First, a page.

The survey, from the Portman Group, highlighted a rise in the popularity of low and no-alcohol alternatives, with younger people leading this trend.
Figures showed almost one quarter (24%) of British drinkers have either already switched some of their drinking to low-alcohol alternative or would consider doing so in the next six months.
The YouGov polling into attitudes to low alcohol, the first of the Portman Group’s annual surveys into alcohol alternatives, showed 7% of those surveyed have already switched some of their alcohol consumption to low or no-alcohol alternatives, while a further 18% are likely to consider doing so in the next six months.
The switch is being led by the so-called ‘Generation Sensible’ with almost one in 10 (9%) aged between 18 and 24 having already switched and those between 18 and 34 being the most likely to consider switching (22%).
The reasons given for opting for low-alcohol products reflect increasingly responsible attitudes to drinking across all age groups in Great Britain.
Nearly one third of those surveyed (32%) said being able to drive home from social events was the main reason in choosing low-alcohol beverages, while more than a quarter (26%) said being sociable without drinking excessively was a key factor. Some 13% said they would drink beverages with less alcohol to stay within the low-risk drinking guidelines.
Portman Group chief executive John Timothy said: “It is fantastic to see so many people embracing low-alcohol alternatives as a way to continue to enjoy a drink while doing so responsibly.
“For many people there are significant benefits to having a drink with friends but at the same time, it is important people don’t drink too much.
“These findings are a reflection of the positive trends we are seeing when it comes to declining binge-drinking levels and the cultural shift that is happening in the relationship between young people and alcohol.
“Many producers are already investing heavily in exciting low-and-no products. Given the importance of this sector to helping people make healthy choices about their drinking, more needs to be done to support its growth.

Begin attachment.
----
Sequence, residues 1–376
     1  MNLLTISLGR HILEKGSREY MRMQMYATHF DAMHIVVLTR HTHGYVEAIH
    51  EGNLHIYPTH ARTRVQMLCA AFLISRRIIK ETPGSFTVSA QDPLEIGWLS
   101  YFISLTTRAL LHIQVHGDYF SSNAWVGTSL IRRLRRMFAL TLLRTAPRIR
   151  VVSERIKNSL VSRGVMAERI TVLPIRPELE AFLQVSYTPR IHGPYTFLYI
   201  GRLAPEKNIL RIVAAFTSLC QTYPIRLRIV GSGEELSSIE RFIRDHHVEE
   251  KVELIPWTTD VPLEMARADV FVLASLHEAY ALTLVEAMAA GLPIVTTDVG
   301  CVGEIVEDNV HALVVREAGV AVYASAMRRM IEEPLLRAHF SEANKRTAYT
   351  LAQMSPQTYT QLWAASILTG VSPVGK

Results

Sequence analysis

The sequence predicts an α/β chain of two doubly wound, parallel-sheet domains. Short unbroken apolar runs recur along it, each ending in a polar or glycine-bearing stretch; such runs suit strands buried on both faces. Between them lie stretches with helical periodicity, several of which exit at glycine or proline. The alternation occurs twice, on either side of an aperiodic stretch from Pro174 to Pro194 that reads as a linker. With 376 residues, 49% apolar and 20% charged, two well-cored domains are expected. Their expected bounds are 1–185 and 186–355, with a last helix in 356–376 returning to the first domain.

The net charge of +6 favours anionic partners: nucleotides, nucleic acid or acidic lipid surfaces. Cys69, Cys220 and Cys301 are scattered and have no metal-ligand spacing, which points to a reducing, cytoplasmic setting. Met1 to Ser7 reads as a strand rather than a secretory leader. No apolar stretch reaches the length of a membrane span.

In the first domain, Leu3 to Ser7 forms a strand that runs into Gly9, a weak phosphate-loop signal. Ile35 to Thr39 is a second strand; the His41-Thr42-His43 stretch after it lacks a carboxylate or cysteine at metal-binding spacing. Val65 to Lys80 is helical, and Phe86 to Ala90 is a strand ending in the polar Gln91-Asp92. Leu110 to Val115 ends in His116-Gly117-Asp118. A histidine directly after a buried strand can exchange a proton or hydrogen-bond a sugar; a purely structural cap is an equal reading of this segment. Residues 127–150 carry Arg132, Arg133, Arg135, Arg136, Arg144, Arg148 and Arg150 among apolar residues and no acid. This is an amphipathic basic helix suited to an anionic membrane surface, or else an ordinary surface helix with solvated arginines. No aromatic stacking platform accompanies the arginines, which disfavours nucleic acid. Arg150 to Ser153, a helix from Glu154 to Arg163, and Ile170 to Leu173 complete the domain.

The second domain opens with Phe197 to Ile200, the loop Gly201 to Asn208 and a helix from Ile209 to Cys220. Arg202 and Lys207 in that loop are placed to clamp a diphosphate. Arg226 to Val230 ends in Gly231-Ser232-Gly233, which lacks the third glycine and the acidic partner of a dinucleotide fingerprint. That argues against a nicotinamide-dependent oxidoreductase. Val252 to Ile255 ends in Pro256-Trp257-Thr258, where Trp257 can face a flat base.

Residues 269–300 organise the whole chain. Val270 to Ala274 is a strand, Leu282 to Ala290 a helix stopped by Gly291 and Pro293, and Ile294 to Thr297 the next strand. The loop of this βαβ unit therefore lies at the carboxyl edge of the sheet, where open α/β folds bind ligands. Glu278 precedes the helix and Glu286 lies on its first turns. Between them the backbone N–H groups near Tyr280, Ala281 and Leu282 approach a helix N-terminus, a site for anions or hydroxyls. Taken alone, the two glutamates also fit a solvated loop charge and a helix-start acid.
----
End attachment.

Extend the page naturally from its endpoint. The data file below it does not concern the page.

“Getting rid of confusing descriptors would support consumers and help lead to the development of more products.”
The popularity of low and no-alcohol products was “very encouraging”, according to British Beer & Pub Association chief executive Brigid Simmonds.
She said: “With the significant investment and innovation in low and no-alcohol beers by UK brewers, beer has been a key part of this growth.
“The skill and craft needed to brew low and no-alcohol beers is no different to normal strength beers, meaning they taste great and quality is not compromised.”
Simmonds added: “With a bigger range of low and no-alcohol beers than ever before, there has never been a better time to give them a go.
“Although we are experiencing a boom in the low and no-alcohol part of the category, there is a real need for the Government to engage and help our industry to promote these products and bring the guidance on alcohol descriptors in line with that of our European neighbours.
“There is growing interest in moderate alcohol consumption as the survey by the Portman Group shows and we need everyone to work together to make it easier for consumers to understand what is on offer and create real choice.”
Campaign for Real Ale (CAMRA) chief executive Tom Stainer lauded the variety of low and no-alcohol beers available to drinkers.
He said: “Consumers taking part in Dry January or hoping to cut down on their units can rejoice, as Britain’s brewers rise to the challenge of providing fantastic low and no-alcohol options.
“Whereas five to 10 years ago most consumers had very little choice in the low-alcohol section, today we are seeing some incredible initiatives and innovation in the sector.
“From robust porters to hoppy IPAs, you don’t have to compromise on taste when you’re watching your units, making beer and pubgoing still a viable option for today’s non-drinker.
“Even beer festivals are getting on board, as CAMRA’s Great British Beer Festival in London offered its first no-alcohol beer stand last year.”